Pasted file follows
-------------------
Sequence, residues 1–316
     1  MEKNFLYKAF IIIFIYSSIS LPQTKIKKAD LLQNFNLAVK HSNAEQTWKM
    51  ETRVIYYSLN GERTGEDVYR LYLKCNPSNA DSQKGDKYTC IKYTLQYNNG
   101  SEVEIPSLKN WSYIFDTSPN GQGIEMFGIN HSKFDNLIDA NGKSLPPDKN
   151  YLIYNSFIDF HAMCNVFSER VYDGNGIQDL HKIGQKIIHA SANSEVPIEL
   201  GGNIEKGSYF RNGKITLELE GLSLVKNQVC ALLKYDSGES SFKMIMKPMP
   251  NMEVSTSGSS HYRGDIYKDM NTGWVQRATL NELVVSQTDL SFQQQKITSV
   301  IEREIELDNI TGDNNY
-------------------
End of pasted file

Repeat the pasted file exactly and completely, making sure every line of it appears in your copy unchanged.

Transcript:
Sequence, residues 1–316
     1  MEKNFLYKAF IIIFIYSSIS LPQTKIKKAD LLQNFNLAVK HSNAEQTWKM
    51  ETRVIYYSLN GERTGEDVYR LYLKCNPSNA DSQKGDKYTC IKYTLQYNNG
   101  SEVEIPSLKN WSYIFDTSPN GQGIEMFGIN HSKFDNLIDA NGKSLPPDKN
   151  YLIYNSFIDF HAMCNVFSER VYDGNGIQDL HKIGQKIIHA SANSEVPIEL
   201  GGNIEKGSYF RNGKITLELE GLSLVKNQVC ALLKYDSGES SFKMIMKPMP
   251  NMEVSTSGSS HYRGDIYKDM NTGWVQRATL NELVVSQTDL SFQQQKITSV
   301  IEREIELDNI TGDNNY